As the southern hemisphere prepares for summer, three factors loom large: the ever-climbing cost of energy, the anticipation of extreme temperatures and spikes in energy demand. To ensure preparedness, owners and operators of commercial property are urged to take decisive steps toward ensuring operational and energy efficiency.
- The cost of energy remains upward trending and volatile
- Australia is set for a very hot summer
- Most of your energy is consumed in summer
The rising cost of energy
The global trajectory for energy prices remains undeniably upward. In Australia, the figures are alarming, with electricity prices soaring by over 215% since 2010, and worryingly, nearly doubling since 2020 (National Electricity Market). Experts from Cornwall Insight caution that this trend is far from its culmination, with predictions of these elevated prices continuing until at least 2026.
The global narrative offers a mirroring tale. For example, since 2010, electricity prices in the UK have swelled by 95%, and gas prices, even more concerning, by 130%. Highlighting the volatility, last August saw electricity and gas prices touching an astounding 764% and 560% increase compared to a decade prior, respectively (UK Office of Gas and Electricity Markets).
Anticipating high temperatures this summer
Reports and forecasts paint a vivid picture of the immediate climatic challenges ahead. Australia is bracing for a scorching summer, with the AEMO predicting a season hotter and drier than recent ones, “
This summer has more risk than the last few years. It is forecast to be hotter and drier. Electricity demand may be higher than observed in recent years. AEMO, industry, and governments are well underway with preparation to manage summer conditions, but reliability risks remain.” (AEMO)
This suggests a likely surge in electricity demand, while the anticipated rise in unplanned generator outages echoes potential energy concerns. Such extreme heat forecasts underline the importance of being prepared, both in terms of energy consumption and infrastructure readiness.
EnergyAustralia has cautioned that its 1,400 megawatt (MW) Mount Piper coal station may face disruptions in coal supply until the end of the year, owing to flooding at its primary supplier, the Springvale coal mine, according The Australian, “This threatens the stability of Australia's electrical grid as the country braces for a hot, dry summer.”
This follows the alarming findings within the the ‘2023 state of the climate report: Entering uncharted territory’, a global stocktake on climate reently published by the journal Bioscience that finds 20 of 35 identified planetary vital signs are at record extremes. Led by a group of 12 international scientists, the report asserts that 2023 will probably be the hottest in the past 100,000 years as global climate scientists warn global temperatures have soared to such an extent that Earth has entered “uncharted territory”. Per Figure 1, these record-breaking temperatures increase the likelihood that the world will reach 1.5C warming above the long-term temperature average as early as next year, meaning the world would fail to meet the central goal of the Paris Agreement.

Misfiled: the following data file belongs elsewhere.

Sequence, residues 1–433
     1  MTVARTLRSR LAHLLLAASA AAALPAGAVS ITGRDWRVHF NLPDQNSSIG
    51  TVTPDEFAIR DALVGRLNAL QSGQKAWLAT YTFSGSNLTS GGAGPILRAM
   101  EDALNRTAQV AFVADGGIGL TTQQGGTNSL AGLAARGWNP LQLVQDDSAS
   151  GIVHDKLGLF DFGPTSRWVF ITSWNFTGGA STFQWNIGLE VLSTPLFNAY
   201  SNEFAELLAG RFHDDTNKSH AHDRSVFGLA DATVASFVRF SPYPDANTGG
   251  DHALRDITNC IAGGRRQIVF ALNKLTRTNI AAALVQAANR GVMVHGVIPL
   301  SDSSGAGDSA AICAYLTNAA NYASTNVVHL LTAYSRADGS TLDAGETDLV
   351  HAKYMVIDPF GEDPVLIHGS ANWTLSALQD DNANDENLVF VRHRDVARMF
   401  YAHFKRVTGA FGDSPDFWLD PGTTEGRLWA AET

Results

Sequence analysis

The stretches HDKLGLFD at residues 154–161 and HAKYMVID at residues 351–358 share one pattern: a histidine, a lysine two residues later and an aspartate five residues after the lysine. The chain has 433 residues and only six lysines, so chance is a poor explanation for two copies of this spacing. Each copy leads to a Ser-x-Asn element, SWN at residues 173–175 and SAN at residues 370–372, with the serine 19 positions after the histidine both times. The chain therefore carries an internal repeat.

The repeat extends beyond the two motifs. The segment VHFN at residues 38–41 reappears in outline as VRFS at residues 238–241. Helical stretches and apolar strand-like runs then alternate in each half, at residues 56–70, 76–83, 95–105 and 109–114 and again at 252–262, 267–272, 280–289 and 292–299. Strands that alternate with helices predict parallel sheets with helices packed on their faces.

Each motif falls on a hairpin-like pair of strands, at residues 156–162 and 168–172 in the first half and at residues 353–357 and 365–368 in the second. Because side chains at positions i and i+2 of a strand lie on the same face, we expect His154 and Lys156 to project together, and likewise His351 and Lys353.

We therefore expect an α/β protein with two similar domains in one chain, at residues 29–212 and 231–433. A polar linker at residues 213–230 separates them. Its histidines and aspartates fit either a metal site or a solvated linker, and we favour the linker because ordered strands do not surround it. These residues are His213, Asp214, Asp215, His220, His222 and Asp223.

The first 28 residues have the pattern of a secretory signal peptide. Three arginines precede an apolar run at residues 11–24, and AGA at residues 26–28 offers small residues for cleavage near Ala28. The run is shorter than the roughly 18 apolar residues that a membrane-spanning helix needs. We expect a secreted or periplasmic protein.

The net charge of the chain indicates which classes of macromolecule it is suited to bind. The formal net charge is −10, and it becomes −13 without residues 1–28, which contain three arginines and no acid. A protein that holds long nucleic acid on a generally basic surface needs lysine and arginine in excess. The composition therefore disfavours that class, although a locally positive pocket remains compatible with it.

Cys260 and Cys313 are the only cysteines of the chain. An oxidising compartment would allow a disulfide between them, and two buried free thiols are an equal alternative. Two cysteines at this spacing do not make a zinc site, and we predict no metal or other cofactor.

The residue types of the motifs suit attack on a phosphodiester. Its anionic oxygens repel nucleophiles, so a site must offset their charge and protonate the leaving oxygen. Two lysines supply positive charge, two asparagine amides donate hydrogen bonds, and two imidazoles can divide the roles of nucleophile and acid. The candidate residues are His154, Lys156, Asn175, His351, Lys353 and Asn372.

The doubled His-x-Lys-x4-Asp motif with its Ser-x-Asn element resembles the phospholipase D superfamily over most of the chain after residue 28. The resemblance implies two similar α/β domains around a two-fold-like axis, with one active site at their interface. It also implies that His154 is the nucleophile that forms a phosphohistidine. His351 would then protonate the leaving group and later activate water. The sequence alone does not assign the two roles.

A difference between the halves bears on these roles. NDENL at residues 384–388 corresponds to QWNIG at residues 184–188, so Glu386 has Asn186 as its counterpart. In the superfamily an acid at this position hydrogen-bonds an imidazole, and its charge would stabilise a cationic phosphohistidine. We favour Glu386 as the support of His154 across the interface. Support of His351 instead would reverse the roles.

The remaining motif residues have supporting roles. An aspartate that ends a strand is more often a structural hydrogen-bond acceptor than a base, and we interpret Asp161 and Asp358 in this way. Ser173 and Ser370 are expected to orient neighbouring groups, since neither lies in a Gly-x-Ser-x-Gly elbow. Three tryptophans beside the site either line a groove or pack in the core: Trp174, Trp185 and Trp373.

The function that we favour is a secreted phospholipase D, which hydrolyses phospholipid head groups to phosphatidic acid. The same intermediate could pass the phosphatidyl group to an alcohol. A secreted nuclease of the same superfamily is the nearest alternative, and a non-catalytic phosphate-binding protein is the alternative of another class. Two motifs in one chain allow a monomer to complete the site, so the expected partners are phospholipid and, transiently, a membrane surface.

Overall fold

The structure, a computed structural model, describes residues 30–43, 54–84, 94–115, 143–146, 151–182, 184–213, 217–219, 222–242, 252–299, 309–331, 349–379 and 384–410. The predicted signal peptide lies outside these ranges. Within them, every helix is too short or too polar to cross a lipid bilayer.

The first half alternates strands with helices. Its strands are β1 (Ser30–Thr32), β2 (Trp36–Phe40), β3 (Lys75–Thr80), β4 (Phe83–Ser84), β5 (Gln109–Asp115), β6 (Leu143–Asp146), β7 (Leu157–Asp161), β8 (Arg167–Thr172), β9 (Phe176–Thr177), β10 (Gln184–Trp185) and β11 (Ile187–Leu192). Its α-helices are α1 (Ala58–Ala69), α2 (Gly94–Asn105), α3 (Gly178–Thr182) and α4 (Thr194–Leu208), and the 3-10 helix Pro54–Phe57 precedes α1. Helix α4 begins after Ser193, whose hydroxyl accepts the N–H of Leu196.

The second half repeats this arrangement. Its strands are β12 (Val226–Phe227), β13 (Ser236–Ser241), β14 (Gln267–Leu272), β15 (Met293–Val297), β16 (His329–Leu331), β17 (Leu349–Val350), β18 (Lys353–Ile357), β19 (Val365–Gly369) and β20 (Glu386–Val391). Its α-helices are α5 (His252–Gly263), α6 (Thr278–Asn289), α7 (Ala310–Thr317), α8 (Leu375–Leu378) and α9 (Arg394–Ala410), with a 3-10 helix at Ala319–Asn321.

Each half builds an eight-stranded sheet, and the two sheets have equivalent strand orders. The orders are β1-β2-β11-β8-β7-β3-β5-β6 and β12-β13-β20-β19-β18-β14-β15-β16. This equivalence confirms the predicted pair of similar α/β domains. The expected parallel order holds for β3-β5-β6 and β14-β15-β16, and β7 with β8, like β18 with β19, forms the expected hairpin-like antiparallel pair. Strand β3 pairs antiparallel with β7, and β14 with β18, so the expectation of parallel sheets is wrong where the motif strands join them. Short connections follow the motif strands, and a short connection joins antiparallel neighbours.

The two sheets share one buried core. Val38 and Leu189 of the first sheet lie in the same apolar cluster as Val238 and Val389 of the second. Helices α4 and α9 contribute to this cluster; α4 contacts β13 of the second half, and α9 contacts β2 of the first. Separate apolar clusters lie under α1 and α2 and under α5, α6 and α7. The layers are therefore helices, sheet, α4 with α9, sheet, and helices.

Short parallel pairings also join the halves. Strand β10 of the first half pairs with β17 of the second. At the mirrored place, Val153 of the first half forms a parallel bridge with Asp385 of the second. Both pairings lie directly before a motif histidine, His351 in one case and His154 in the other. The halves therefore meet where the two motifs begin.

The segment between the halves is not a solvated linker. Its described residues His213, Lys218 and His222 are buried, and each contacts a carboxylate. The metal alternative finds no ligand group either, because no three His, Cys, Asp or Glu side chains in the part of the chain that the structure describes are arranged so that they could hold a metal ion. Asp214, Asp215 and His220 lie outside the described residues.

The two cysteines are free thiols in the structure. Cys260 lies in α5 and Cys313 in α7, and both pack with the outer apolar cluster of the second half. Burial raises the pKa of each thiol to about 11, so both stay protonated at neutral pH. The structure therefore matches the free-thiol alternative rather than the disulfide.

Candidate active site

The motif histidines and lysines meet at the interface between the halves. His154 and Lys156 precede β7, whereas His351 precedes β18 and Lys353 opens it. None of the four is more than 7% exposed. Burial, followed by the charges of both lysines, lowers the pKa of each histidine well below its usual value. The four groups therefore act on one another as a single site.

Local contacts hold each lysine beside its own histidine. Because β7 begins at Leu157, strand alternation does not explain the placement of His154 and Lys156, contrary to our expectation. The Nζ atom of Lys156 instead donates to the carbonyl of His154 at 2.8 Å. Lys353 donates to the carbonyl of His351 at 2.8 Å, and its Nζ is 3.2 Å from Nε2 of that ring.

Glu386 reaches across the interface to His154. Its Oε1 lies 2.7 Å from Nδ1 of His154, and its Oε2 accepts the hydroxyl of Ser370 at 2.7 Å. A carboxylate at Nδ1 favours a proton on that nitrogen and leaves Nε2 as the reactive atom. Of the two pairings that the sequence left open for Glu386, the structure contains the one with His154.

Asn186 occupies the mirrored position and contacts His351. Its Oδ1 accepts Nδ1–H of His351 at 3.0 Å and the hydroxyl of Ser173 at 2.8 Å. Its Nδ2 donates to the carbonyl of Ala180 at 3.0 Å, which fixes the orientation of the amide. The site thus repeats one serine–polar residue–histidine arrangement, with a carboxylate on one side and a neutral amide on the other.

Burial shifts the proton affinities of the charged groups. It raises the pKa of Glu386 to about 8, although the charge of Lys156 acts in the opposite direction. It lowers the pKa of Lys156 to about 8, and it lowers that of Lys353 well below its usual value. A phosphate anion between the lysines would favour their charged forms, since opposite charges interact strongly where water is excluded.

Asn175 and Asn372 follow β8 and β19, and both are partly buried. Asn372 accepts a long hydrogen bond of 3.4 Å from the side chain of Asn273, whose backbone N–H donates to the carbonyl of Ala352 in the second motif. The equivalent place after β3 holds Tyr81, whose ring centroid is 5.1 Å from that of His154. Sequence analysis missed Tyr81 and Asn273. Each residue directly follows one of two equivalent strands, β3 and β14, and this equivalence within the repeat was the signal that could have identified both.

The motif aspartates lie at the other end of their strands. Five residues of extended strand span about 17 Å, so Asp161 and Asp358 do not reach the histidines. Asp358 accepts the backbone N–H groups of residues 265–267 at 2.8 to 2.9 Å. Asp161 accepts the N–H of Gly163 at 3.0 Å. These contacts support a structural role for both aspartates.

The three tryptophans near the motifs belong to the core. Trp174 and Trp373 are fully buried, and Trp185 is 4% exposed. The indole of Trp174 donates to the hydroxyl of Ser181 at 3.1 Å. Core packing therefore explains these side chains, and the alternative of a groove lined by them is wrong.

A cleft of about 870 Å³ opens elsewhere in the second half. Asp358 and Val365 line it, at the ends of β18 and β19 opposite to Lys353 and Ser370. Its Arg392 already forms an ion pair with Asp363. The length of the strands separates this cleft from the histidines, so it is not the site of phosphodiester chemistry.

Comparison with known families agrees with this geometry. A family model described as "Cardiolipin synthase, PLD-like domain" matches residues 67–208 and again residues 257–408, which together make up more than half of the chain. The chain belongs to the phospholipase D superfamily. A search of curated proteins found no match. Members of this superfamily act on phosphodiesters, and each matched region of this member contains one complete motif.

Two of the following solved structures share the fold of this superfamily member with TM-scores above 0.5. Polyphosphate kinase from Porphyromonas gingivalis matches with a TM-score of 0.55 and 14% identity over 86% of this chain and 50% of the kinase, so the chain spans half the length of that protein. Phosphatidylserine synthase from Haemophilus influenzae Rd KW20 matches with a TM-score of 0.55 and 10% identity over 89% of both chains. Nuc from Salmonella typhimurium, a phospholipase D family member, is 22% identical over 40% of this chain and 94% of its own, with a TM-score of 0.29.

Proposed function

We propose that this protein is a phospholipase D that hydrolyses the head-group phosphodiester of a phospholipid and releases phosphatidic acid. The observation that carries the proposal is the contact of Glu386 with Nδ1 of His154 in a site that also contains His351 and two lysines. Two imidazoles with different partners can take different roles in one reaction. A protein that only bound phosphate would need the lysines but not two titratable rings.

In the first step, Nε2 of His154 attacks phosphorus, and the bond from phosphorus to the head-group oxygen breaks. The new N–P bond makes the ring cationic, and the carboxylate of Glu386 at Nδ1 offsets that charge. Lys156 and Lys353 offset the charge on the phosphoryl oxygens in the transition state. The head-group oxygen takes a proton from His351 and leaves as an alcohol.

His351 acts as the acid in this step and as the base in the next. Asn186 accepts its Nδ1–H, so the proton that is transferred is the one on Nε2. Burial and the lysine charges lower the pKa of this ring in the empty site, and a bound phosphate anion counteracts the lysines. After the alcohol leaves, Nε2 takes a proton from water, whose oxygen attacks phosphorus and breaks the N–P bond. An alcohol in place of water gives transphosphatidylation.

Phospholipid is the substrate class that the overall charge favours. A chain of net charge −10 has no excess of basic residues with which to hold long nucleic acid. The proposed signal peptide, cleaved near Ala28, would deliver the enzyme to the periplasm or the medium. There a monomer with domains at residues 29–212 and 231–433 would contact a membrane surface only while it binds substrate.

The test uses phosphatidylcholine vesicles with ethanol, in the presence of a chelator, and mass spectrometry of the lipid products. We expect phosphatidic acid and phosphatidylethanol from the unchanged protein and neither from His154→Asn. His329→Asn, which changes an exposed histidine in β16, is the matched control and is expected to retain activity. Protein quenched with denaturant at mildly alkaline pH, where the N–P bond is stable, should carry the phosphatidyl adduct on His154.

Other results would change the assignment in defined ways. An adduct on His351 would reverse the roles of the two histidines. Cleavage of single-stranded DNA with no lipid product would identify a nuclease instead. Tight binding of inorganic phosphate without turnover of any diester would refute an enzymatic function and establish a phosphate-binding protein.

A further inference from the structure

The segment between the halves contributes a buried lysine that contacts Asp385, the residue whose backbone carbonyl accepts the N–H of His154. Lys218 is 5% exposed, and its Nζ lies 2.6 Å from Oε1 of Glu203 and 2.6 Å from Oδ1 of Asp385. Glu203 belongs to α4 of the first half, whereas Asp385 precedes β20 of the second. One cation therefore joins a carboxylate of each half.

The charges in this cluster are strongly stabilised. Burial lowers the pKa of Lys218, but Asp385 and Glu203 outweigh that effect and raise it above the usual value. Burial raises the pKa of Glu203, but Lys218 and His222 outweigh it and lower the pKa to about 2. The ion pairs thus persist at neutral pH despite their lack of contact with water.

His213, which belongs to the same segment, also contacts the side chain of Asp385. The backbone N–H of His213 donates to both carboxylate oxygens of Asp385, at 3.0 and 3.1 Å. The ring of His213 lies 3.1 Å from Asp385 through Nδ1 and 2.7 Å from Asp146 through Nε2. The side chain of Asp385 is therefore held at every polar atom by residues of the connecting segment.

“Unfortunately, time is up. We are seeing … an alarming and unprecedented succession of climate records are broken, causing profoundly distressing scenes of suffering to unfold,” write the scientists including co-author Dr Thomas Newsome from the University of Sydney.
Energy consumption rises with extreme temperatures
There's a clear U-shaped relationship between electricity demand and temperature, as illustrated in Figure 2. As temperatures either soar during scorching summers or plummet in chilly winters, electricity demand escalates. This observation, supported by a study from the International Monetary Fund, affirms, “At both low and high temperatures, electricity demand is high.”
For instance, CIM data from a Sydney office building last summer showcases how increasing temperatures directly influence a surge in energy consumption. See the clear correlation in Figure 3.
This is supported by data from other Australian sites that use the PEAK Platform, with more than a third of energy consumption used in the Summer months. As an example, data from a retail portfolio shows a clear peak in energy usage over the summer months, per Figure 4.
The Solution: CIM's AI-powered PEAK Platform
Amidst these imminent challenges, the need of the hour for property owners is to act swiftly. The answer might well lie in harnessing technology, specifically, CIM’s AI-powered analytics software. Designed meticulously to bolster energy efficiency, our software offers invaluable insights and actionable data, positioning you to adeptly navigate sweltering Australian summers, ensuring optimal energy consumption and efficiency.
In a world oscillating between volatile energy costs and impending extreme temperatures, now is the time for property owners to invest in solutions that not only curtail financial stress but also tread a path toward sustainability.